You’re not the only one that the National Security Agency has been spying on.
The NSA is also allegedly spying on Petrobras, Brazil’s largest oil company and the Southern Hemisphere’s largest company by market cap.
The revelation comes from a slide titled “Private networks are important,” leaked by by former Booz Allen Hamilton analyst Edward Snowden. The news was first aired on the Brazilian news show Fantástico.
Given Latin America’s drift left over the last decade, and the history of U.S. interference in the domestic politics of the region, America has experienced an increasing geopolitical strain with its southern neighbors. This is likely to make matters worse.
Among the problems this disclosure has already created is the accusation that U.S. intelligence is stepping out far beyond its mandate to serve America’s national security.
Its apparent interference with a large public corporation carries unfortunate echoes of the 1954 coup in Guatemala, prosecuted in part due to the pressure of the United Fruit Company, an American company who was country’s largest landowner and whose control gave birth to the term “banana republic.”
Although a publically traded company, Petrobras’s majority owner is the country of Brazil itself, whose president, Dilma Rousseff, temporarily cancelled an October state dinner at the White House in Brazil because of earlier revelations that the NSA was spying on her and her staff.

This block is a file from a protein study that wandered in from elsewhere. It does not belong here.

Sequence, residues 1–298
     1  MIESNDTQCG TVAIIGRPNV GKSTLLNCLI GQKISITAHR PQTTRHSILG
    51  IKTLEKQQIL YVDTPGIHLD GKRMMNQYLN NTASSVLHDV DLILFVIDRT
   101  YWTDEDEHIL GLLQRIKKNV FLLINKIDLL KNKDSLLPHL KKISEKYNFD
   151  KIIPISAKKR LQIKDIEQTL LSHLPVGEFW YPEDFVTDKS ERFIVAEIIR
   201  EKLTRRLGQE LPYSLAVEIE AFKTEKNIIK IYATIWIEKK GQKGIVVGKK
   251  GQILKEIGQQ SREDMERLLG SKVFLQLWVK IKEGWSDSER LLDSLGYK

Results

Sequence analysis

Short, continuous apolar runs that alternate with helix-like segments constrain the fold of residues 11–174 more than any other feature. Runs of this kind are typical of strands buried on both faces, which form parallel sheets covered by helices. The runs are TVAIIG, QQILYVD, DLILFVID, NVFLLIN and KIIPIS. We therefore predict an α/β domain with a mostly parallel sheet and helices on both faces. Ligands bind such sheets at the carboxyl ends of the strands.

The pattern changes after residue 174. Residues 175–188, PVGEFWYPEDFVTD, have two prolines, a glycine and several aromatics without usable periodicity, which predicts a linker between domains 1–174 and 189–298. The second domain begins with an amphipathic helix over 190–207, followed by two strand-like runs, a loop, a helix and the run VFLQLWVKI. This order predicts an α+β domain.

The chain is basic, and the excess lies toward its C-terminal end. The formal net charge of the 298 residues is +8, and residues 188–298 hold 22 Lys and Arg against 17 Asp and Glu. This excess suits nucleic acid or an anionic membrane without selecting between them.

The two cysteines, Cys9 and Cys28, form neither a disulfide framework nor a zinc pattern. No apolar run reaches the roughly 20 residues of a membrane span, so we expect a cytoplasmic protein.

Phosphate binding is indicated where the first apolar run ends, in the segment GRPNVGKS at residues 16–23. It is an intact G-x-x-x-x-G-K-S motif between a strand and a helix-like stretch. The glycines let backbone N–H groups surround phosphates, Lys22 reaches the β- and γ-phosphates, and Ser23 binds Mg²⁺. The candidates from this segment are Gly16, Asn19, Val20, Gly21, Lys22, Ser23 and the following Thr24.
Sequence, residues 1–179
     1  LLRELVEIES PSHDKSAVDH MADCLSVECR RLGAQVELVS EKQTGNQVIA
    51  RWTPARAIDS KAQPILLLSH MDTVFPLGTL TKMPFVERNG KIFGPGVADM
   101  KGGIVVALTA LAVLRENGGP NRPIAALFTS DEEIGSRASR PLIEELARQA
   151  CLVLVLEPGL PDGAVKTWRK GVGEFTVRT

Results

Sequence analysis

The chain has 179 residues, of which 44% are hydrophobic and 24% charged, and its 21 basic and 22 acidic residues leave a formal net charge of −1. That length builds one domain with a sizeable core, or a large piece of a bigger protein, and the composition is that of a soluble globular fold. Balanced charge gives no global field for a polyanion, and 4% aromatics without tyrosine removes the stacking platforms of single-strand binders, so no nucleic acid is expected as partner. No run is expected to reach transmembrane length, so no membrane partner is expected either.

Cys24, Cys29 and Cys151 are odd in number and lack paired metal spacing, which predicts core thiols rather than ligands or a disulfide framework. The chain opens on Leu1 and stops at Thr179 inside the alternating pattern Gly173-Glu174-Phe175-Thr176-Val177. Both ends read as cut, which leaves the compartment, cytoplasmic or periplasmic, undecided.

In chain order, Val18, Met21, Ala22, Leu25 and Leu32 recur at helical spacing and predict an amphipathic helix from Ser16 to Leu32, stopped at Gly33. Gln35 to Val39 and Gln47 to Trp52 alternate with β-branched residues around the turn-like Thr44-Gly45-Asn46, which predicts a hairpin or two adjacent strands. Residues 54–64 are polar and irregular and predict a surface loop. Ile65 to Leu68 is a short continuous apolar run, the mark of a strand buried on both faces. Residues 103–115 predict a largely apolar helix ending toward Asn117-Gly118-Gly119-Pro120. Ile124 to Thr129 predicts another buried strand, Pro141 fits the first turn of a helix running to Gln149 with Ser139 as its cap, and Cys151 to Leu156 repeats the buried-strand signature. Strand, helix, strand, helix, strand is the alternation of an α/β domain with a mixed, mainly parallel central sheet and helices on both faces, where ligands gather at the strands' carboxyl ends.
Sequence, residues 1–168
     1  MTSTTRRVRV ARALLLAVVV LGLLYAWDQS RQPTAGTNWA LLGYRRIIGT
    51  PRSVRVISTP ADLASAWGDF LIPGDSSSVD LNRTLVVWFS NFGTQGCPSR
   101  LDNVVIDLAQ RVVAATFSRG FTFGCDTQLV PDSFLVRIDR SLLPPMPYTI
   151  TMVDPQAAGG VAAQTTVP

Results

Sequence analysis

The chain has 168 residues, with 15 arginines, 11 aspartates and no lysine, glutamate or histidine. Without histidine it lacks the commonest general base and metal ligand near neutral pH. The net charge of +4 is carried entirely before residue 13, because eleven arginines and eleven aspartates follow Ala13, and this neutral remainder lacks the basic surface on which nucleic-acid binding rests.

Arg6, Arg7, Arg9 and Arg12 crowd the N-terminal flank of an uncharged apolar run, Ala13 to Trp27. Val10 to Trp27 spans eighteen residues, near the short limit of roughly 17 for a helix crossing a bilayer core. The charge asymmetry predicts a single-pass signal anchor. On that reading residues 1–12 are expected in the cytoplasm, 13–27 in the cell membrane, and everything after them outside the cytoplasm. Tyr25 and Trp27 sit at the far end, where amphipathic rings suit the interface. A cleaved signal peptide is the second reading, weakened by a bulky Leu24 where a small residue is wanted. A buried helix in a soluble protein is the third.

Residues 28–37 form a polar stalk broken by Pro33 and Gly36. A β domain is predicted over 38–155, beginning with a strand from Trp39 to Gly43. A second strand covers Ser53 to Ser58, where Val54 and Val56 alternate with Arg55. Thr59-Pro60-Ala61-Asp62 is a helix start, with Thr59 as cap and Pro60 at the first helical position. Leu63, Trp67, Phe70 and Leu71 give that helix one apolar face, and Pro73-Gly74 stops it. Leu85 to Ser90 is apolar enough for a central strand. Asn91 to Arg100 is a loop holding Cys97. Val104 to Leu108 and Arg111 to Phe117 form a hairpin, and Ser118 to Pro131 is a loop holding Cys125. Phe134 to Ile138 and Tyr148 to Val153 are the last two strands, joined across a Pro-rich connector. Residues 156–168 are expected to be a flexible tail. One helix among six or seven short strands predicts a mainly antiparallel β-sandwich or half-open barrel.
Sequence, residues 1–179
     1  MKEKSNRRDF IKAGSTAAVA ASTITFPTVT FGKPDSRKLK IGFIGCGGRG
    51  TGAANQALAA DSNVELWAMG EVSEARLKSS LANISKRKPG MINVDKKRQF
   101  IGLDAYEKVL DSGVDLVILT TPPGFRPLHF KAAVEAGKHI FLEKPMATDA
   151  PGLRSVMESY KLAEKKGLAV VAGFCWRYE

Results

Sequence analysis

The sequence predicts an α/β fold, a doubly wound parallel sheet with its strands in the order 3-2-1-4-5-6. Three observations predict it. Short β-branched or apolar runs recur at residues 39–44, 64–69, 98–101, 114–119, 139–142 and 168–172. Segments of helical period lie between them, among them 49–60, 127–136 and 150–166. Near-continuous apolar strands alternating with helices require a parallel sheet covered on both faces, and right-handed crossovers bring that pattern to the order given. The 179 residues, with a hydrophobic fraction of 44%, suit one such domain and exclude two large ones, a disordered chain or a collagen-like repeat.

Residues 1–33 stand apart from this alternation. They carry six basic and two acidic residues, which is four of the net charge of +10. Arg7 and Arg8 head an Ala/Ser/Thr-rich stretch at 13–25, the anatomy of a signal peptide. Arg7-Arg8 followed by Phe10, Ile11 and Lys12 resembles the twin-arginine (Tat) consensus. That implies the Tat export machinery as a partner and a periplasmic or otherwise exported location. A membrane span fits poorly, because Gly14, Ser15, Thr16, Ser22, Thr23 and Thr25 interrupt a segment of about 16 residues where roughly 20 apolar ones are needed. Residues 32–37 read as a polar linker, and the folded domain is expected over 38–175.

The Petrobras spying was done under the aegis of the Blackpearl program, an NSA program devoted to siphoning information out of private networks. On the same slide the international banking transfer company Swift was also mentioned, as well as Google and several other redacted names.
“It is not a secret that the intelligence community collects information about economic and financial matters, and terrorist financing,” said James Clapper, director of national intelligence, in response to the Fantástico broadcast.
“I can give assurances to the publics in Europe and around the world that we are not going around snooping at peoples emails or listening to phone calls,” President Obama said last week. “We are targeting very specifically areas of concern.”
The apparent ubiquity of American intelligence activities makes the intended reassurance of such a statement rather rickety, especially given the political resistance to American goals in Latin America and the coups and other actions resulting from past intelligence activities.